strait adj : strict and severe; "strait is the gate"
1 a narrow channel of the sea joining two larger bodies of water [syn: sound]
Etymologyfrom Middle English streit, from Old French estreit (modern form étroit), from Latin strictus, past participle of stringere (to compress, tighten). Doublet of strict.
- Rhymes: -eɪt
- narrow; restricted as to space or room; close
- righteous, strict
- To follow the strait and narrow
Usage notesThe adjective is often confused with straight.
- A narrow channel of water connecting two larger bodies of water
- The Strait of Gibraltar
- A difficult position (often used in plural)
- To be in dire straits
narrow channel of water
a difficult position
- Chinese: 海峽, 海峡 (hǎixiá)
- Dutch: straat
- German: Straße
- Greek: στενό
- Japanese: 海峡 (かいきょう, kaikyō)
- Korean: 해협 (haehyeop)
- Portuguese: estreito
- Spanish: estrecho
- Telugu: జలసంధి (jalasaMdhi)
A strait is a narrow, navigable channel of water that connects two larger navigable bodies of water. It most commonly refers to a channel of water that lies between two land masses, but it may also refer to a navigable channel through a body of water that is otherwise not navigable, for example because it is too shallow, or because it contains an unnavigable reef or archipelago. The terms strait, channel, passage, sound, and firth can be synonymous and interchangeable, although each is sometimes differentiated with varying senses. Many straits are economically important. Straits can lie on important shipping routes, and wars have been fought for control of these straits. Numerous artificial channels, called canals, have been constructed to connect two bodies of water over land.
Although rivers and canals often form a bridge between two large lakes or a lake and a sea, and these seem to suit the formal definition of straits, they are not usually referred to as straits. Straits are typically much larger, wider structures.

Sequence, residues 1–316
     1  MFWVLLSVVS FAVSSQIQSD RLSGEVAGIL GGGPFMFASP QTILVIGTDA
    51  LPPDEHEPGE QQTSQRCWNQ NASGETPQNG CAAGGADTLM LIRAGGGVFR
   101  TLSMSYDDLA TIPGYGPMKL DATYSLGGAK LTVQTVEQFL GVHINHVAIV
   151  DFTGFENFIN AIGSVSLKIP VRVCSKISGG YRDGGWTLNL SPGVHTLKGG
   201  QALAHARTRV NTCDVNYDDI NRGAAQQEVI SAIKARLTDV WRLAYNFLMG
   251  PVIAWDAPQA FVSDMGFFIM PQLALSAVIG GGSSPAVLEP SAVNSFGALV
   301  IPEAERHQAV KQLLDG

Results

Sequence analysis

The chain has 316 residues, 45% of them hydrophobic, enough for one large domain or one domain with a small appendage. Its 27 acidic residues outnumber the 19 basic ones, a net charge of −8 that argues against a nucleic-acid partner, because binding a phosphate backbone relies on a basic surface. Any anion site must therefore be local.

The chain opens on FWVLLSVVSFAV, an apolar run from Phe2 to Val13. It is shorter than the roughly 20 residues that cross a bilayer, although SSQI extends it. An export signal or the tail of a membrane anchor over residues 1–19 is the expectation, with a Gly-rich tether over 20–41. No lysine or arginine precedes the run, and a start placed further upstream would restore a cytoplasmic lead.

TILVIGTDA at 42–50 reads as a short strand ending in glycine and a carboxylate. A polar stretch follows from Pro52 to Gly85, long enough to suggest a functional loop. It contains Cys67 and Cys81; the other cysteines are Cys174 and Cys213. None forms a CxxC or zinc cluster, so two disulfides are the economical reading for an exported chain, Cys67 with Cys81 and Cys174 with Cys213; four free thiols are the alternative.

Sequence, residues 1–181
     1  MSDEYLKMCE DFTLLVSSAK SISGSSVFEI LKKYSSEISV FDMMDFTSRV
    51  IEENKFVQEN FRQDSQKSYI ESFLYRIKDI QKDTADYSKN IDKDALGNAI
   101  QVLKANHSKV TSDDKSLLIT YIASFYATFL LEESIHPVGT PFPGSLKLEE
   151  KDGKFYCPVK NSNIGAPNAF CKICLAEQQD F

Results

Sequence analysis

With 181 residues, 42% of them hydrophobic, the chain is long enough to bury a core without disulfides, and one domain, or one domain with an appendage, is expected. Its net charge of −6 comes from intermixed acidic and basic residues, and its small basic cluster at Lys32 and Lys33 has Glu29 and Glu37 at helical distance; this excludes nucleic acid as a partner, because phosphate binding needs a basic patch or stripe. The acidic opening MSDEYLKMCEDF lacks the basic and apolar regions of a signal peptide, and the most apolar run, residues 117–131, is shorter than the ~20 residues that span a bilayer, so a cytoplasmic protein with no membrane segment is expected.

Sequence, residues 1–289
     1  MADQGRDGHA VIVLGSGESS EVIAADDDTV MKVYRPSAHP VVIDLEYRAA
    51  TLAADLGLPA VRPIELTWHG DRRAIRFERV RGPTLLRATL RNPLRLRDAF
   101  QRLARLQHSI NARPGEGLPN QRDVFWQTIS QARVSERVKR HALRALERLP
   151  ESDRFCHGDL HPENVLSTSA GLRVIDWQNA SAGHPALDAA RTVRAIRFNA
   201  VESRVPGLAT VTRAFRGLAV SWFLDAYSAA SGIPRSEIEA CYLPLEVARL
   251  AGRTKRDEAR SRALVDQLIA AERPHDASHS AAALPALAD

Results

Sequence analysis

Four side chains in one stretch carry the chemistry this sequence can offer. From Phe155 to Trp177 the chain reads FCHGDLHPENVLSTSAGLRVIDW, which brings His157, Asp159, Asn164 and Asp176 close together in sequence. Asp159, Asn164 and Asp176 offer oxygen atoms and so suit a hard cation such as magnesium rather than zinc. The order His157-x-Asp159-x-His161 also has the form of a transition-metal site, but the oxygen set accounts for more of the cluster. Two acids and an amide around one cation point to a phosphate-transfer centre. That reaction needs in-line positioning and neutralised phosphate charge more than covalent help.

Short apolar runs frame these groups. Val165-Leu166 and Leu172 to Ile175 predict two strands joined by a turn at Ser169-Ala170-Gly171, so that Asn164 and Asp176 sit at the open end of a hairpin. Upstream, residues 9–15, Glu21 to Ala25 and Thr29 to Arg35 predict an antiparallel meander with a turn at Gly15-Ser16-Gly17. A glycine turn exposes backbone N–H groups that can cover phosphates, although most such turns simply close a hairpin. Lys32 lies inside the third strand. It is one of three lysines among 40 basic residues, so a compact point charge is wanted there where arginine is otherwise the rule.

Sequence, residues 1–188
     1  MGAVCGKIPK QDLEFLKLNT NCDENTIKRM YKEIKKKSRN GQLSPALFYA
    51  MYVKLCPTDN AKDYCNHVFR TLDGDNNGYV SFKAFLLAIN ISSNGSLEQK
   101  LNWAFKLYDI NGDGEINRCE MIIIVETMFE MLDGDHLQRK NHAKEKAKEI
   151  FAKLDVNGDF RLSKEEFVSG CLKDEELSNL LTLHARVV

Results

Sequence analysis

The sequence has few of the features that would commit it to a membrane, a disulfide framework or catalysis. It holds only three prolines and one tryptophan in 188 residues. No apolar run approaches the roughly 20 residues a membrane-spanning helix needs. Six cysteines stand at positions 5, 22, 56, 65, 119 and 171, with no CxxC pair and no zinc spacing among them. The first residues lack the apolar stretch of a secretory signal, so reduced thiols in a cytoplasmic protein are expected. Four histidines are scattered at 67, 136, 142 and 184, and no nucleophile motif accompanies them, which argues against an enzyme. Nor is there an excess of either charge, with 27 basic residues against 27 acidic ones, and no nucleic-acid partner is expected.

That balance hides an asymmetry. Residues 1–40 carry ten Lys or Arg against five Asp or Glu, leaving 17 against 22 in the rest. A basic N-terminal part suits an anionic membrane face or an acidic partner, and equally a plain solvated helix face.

Straits are the duals of isthmi. That is, while straits lie between two land masses and connect two larger bodies of water, isthmi lie between two bodies of water and connect two larger land masses.
A strait is similar to an inlet although inlets typically pass through island land masses usually from a large body of water such as an ocean to a much smaller body such as a bay while straits pass through much larger land masses and connect much larger bodies of water such as seas and oceans.
Well-known straitsWell-known straits in the world include:
- Palk strait, between India and Sri Lanka, the location of Ram Sethu and rich in natural resources
- Strait of Dover, between England and France, which connects the North Sea with the English Channel
- Strait of Gibraltar, the only natural passage between the Atlantic Ocean and the Mediterranean Sea
- Bosporus and the Dardanelles, which connect the Mediterranean and the Black Sea
- Strait of Magellan, connecting the Atlantic and Pacific Oceans north of Tierra del Fuego
- Bering Strait between Alaska and Siberia, which connects the Pacific and Arctic Oceans
- Strait of Hormuz connecting the Persian Gulf and the Oman Sea, through which Persian Gulf petroleum is shipped to the world
- Strait of Malacca, which lies between Peninsular Malaysia and Sumatra, and connects the Indian Ocean with the South China Sea. (It is one of the highest-volume shipping lanes in the world.)
- Bass Strait, which lies between mainland Australia and Tasmania, and connects the Southern Ocean with the Pacific Ocean.
- Cook Strait, separating the North And South Islands of New Zealand
- The Golden Gate, between the Pacific Ocean and San Francisco Bay
- The Bab el Mandeb, connecting the Red Sea and the Arabian Sea.
- The Skagerrak and Kattegat which connect the North Sea to the Baltic Sea.
strait in Afrikaans: Seestraat
strait in Arabic: مضيق
strait in Breton: Strizh-mor
strait in Bulgarian: Проток
strait in Catalan: Estret
strait in Czech: Průliv
strait in Welsh: Culfor
strait in Danish: Stræde (farvand)
strait in German: Meerenge
strait in Estonian: Väin
strait in Modern Greek (1453-): Πορθμός
strait in Spanish: Estrecho
strait in Esperanto: Markolo
strait in Persian: تنگه
strait in French: Détroit
strait in Korean: 해협
strait in Croatian: Tjesnac
strait in Ido: Stretajo
strait in Indonesian: Selat
strait in Ossetian: Донкъубал
strait in Icelandic: Sund
strait in Italian: Stretto
strait in Hebrew: מצר
strait in Swahili (macrolanguage): Mlango wa bahari
strait in Kurdish: Tengav
strait in Latin: Fretum
strait in Hungarian: Szoros
strait in Dutch: Zeestraat
strait in Japanese: 海峡
strait in Polish: Cieśnina
strait in Portuguese: Estreito
strait in Russian: Пролив
strait in Slovenian: Ožina
strait in Finnish: Salmi
strait in Swedish: Sund
strait in Vietnamese: Eo biển
strait in Ukrainian: Протока
strait in Chinese: 海峡
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